Editor’s note: “Join Joseph’s Journey” is a blog written by Joseph Gorin, a Special Olympics Southern California athlete and member of SOSC’s Board of Directors. Joseph, who has cerebral palsy, started training and competing with Special Olympics in 2003. Back then, he was a quiet kid who would barely look people in the eyes. Now, through sports training, he’s become a leader who advocates for people with intellectual disabilities throughout the world. This blog is a first-person account of his experiences and pursuit to become accepted by all.
By Joseph Gorin
Special Olympics changes lives, and my life has been transformed since I joined Special Olympics Southern California 16 years ago. My name is Joseph Gorin. I am a great Special Olympics athlete.
When I was 6 months old, my parents received news from my pediatric neurologist that I was born with cerebral palsy, which causes me problems with coordination and sensory integration. My worried parents wondered what kind of capacity I had and where my abilities would take me in life. Today, I will take you on a journey through some of my “wow” moments and share how my life has changed since I became a Special Olympics athlete.
My first “wow” moment was when I received my first speaking assignment as a Special Olympics Sport Ambassador. I walked into a crowded room filled with more than 100 girls and their moms. I was a little bit overwhelmed. Well, I just brought out my million dollar smile and spoke on.
When I first met Kris Drummond at the Special Olympics Orange County office, I just smiled without making any eye contact; then, I put my head down. It was my habit to smile, drop my head and say nothing when people gave me a strange look because they did not understand what I was trying to say. Training as a Sport Ambassador, then later as a Global Messenger where I practice speeches in the Gavel Club, I learned to become a better speaker.
Another “wow” moment was meeting Michelle Obama, former First Lady of the United States, not just once but twice at the Special Olympics World Games in Los Angeles. I was so lucky to be selected as a 2015 World Games Global Messenger, where I was able to advocate for acceptance and inclusion for all. From the announcement of the World Games in 2011 through the Closing Ceremony of the Games on August 2, 2015, I was learning constantly from what kind of speeches to deliver to what groups, proper clothing to wear when attending different events, acceptable behavior, and self-discipline. I gained so much confidence through this experience.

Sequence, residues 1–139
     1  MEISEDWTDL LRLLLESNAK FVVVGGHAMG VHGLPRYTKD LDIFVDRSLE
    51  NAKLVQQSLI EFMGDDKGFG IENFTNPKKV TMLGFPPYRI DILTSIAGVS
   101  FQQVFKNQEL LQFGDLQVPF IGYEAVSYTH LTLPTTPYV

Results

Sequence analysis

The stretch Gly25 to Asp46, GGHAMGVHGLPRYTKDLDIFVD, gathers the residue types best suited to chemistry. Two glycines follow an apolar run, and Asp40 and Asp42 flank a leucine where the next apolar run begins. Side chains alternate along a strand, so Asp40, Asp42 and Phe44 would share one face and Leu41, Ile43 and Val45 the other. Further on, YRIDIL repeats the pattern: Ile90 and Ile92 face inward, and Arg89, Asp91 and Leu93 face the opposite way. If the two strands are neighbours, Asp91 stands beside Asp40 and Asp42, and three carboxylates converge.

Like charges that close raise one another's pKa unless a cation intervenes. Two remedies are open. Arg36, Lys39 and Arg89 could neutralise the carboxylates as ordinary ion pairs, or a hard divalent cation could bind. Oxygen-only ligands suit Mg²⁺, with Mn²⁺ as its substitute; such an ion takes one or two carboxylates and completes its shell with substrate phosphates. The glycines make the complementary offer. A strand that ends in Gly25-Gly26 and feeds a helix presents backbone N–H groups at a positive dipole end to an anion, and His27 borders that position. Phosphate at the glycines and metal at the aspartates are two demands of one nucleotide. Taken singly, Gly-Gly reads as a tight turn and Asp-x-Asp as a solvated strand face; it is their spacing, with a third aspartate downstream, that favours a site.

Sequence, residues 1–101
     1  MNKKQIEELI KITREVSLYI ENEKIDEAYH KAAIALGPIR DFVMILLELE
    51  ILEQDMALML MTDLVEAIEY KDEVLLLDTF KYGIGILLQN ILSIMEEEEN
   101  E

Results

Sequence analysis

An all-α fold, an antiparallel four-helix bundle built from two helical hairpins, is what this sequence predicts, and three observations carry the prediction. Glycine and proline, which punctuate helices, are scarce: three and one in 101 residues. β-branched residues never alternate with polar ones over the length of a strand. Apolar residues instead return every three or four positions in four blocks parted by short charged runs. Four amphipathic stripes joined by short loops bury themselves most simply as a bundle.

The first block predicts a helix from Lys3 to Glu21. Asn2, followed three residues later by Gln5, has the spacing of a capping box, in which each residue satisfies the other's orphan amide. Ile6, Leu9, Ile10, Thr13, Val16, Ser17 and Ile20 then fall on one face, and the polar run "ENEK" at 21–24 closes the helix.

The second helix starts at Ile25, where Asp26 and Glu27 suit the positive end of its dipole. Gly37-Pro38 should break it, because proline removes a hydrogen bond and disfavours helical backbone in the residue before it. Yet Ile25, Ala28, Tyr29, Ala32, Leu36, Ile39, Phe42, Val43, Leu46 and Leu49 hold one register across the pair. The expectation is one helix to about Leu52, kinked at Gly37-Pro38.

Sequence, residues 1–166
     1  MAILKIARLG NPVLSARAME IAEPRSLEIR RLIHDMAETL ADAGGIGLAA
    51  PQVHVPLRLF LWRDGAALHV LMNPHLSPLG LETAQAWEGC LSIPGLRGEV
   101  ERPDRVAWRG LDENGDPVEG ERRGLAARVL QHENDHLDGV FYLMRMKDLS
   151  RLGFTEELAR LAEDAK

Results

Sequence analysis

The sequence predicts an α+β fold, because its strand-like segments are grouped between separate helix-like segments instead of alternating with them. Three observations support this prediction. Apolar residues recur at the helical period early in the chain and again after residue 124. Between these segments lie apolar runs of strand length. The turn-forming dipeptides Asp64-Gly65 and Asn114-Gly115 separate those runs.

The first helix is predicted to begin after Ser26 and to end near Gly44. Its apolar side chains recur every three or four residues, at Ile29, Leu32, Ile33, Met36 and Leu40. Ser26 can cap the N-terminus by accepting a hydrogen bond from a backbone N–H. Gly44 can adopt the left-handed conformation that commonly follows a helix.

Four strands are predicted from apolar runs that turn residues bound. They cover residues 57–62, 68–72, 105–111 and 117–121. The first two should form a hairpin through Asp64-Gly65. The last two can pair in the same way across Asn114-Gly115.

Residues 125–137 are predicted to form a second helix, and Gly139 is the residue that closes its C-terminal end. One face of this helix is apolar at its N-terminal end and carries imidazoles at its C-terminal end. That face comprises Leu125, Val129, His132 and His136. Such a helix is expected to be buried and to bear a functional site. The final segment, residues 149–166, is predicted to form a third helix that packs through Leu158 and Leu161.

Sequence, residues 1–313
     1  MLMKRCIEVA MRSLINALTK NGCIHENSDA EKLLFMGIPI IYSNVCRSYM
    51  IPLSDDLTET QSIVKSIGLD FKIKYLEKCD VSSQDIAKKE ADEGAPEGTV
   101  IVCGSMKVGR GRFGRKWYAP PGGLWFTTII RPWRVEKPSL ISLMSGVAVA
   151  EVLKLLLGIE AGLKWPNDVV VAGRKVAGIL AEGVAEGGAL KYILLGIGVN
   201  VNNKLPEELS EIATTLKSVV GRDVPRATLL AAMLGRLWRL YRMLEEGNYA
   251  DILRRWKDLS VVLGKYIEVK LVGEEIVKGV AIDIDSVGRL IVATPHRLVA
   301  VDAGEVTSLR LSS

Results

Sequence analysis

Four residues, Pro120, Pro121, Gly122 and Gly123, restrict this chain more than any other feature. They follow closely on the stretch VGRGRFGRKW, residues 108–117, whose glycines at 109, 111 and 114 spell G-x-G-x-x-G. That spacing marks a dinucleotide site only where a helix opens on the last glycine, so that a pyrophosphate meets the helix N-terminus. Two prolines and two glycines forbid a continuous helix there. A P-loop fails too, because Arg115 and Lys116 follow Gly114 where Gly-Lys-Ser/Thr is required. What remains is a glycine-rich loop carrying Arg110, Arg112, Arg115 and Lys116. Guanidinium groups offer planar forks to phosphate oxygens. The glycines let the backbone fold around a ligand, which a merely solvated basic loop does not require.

Special Olympics has given me many more learning opportunities, too. Training and competing in sports has taught me sportsmanship, team spirit, responsibility, discipline, and leadership. I also gained many friends.
I wanted to give the same opportunities to all my future Special Olympics athletes in my community so I trained and became a bowling coach. My greatest “wow” moment was when I took my bowling team to their first competition and saw how well they did in their tournament. It made me a very proud coach.
There are many more “wow” moments, but it will take a few days to share them. In closing, I just want to say: Thank you, Special Olympics, for giving me all these learning opportunities. Thank you for believing in me to get the word out about Special Olympics, acceptance, and inclusion for all. Thank you for trusting that I could be a good coach and leader for our athletes. Lastly, thank you for selecting me for the Board; I will give my utmost effort to carry out my tasks and be a voice of my fellow athletes.